The Peanuts gang have now picked up a pair of Critic’s Choice Awards (photo: David Lowes)
Last spring’s production of You’re a Good Man Charlie Brown was the big winner for Phoenix this year, picking up the awards for both Musical Production and Performance in a Community Production Ensemble. (While the “performance” category typically chooses a single performer, the judges admitted that the Charlie Brown cast was so strong overall that they simply couldn’t narrow it down to a single person—high praise indeed for this show directed by Theatre prof Fran Gebhard!)
Reese Nielsen (left) with Robin Gadsby in Reasons to be Pretty (photo: David Lowes)
Fourth-year student Marisa Nielsen was nominated for Performance in a Community Production for her dynamic work in Phoenix’s February 2013 production of Reasons To Be Pretty (which CVV Magazine reviewer Erin Anderson described at the time as “an affecting, sharp performance . . . balancing intense emotion with intelligent convictions”). And interestingly, Nielsen’s Reasons co-star Robin Gadsby was also nominated this year, but not for his acting—instead, he picked up a Best New Play nomination for his show Judgement Day.
Three-time Phoenix alum and current sessional instructor Clayton Jevne was nominated in the Direction category for The Golden Dragon at his own Theatre Inconnu, which was also twice nominated—alongside You’re A Good Man Charlie Brown—in the Overall Production (Community) category, for The Golden Dragon and In the Next Room . . . which also won. Just as a quick recap, out of four shows nominated in that single category, three had Phoenix connections, including the winner—proving once again how vital our Department of Theatre is to the greater arts community.
Double nominee Patrick Du Wors was a talent to watch even when he was a student
Phoenix alum Patrick Du Wors won the set design category for My Fair Lady, which was mounted this past summer by Blue Bridge Repertory Theatre—run by Department of Theatre professor Brian Richmond. Du Wors was also nominated in the Costume Design category, alongside Shayna Ward & Allyson Leet for their work on last spring’s Phoenix production of You’re A Good Man Charlie Brown. Department of Theatre professor emeritus and former chair Giles Hogya also picked up a Lighting Design nomination for his work on Blue Bridge’s Uncle Vanya, and alum Mike Rinaldi was nominated in Sound Design for his work on the Belfry’s production of Helen’s Necklace. (It’s clearly been a good year for Rinaldi, whose earlier play Toothpaste & Cigars—co-written with alumnus TJ Dawe—made into the feature film The F Word, starring Daniel Radcliffe of Harry Potter fame!)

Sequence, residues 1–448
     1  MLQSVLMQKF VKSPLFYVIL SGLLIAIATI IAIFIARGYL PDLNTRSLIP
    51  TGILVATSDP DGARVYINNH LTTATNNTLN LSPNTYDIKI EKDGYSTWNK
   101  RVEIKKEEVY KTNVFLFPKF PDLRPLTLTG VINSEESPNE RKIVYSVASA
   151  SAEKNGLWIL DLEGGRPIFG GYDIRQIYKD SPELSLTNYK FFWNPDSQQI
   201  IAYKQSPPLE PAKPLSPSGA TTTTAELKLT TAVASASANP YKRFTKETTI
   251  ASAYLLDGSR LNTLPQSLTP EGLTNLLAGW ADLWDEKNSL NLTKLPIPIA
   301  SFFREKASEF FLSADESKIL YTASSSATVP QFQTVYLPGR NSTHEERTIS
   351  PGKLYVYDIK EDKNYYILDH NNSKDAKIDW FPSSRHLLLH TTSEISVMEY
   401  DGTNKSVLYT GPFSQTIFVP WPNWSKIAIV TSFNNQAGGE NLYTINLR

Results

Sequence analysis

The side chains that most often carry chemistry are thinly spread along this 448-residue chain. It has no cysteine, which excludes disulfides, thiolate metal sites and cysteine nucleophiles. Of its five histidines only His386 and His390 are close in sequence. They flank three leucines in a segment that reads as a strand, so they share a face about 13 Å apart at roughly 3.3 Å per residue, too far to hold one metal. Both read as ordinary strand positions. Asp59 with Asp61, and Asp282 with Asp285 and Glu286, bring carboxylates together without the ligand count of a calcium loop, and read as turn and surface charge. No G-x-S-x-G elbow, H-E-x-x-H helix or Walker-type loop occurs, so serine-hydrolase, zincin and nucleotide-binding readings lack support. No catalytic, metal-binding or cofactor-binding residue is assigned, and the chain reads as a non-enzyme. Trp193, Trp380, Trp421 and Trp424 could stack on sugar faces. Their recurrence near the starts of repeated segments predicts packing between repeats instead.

Will Weigler showing the labyrinthine set for From The Heart (photo: Times Colonist)
Phoenix alumnus and former instructor Will Weigler, along with Krystal Cook, picked up a win in the Best New Play category for his complex co-production From the Heart: Enter into the Journey of Reconciliation. Granted, while Weigler & Cook are credited as co-creators, we acknowledge there were many others involved in the creation of this challenging production, including the Victoria International Development Education Association and the Inter-Cultural Association of Greater Victoria, and based on UVic PhD Paulette Regan’s bestselling 2011 book, Unsettling the Settler Within. (As local critic and UVic professor Monica Prendergast noted, “Weigler worked at superhuman levels to bring this community-based theatre production to fruition, and it had powerful effects on many audience members who took it in . . . . New Canadians should encounter and come to terms with the history of their new homeland, and theatre can be an effective way to do so.”)
Savvy artistic director Janet Munsil
And while it didn’t win, Brian Richmond‘s Blue Bridge production of My Fair Lady was nominated in the Overall Production (Professional) category. Finally, Intrepid Theatre artistic director and Phoenix alumna Janet Munsil‘s UNO Festival had three shows nominated in the new Best of the Fests category—Huff, Mike Daisey’s American Utopias, and Till Death: The Six Wives of Henry the Vlll, with Huff winning the category. True, none of the nominees were her own shows (despite the fact that Munsil is an acclaimed playwright), but their selection does speak to her accomplishments as artistic director; Intrepid continuously programs some of the most dynamic and progressive contemporary theatre productions into their various festivals.
Listen to the CBC On The Island broadcast of the winners list on this podcast, and glean some insights into the winners and nominees courtesy of CBC theatre critic Monica Prendergast on her blog post about this year’s awards.
Fresh in from the BC Arts Council is news of their new pilot program to support the development of artists and arts administrators across the province—but, there’s a January 20, 2014 deadline. Read on to find out if you fit the criteria.
The BC Arts Council’s Early Career Development Program will help bridge the gap for emerging artists and practitioners, supporting their ability to work as artists and cultural workers, while building their body of work, portfolio, professional exposure and/or career experience through residency, internship and mentorship opportunities. This program is accessible to both individual artists and organizations. Individuals can apply for the residencies or mentorship components.
The program will support the career development of B.C.-based early career and emerging practitioners through three components:
- Component II: Residencies
- Component III: Mentorships
For the purposes of this program, early career and emerging artists and arts practitioners are defined as artists and practitioners who either: